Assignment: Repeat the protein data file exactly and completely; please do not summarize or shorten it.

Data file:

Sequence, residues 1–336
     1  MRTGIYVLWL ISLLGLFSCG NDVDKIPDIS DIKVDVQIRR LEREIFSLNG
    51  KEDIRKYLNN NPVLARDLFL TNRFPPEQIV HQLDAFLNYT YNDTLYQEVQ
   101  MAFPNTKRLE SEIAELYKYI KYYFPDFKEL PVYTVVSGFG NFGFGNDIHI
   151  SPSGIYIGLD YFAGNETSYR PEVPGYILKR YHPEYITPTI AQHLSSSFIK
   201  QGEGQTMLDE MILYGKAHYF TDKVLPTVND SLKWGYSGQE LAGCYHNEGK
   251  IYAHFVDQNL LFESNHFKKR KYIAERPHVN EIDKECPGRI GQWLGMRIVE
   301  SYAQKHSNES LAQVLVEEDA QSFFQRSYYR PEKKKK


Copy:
Sequence, residues 1–336
     1  MRTGIYVLWL ISLLGLFSCG NDVDKIPDIS DIKVDVQIRR LEREIFSLNG
    51  KEDIRKYLNN NPVLARDLFL TNRFPPEQIV HQLDAFLNYT YNDTLYQEVQ
   101  MAFPNTKRLE SEIAELYKYI KYYFPDFKEL PVYTVVSGFG NFGFGNDIHI
   151  SPSGIYIGLD YFAGNETSYR PEVPGYILKR YHPEYITPTI AQHLSSSFIK
   201  QGEGQTMLDE MILYGKAHYF TDKVLPTVND SLKWGYSGQE LAGCYHNEGK
   251  IYAHFVDQNL LFESNHFKKR KYIAERPHVN EIDKECPGRI GQWLGMRIVE
   301  SYAQKHSNES LAQVLVEEDA QSFFQRSYYR PEKKKK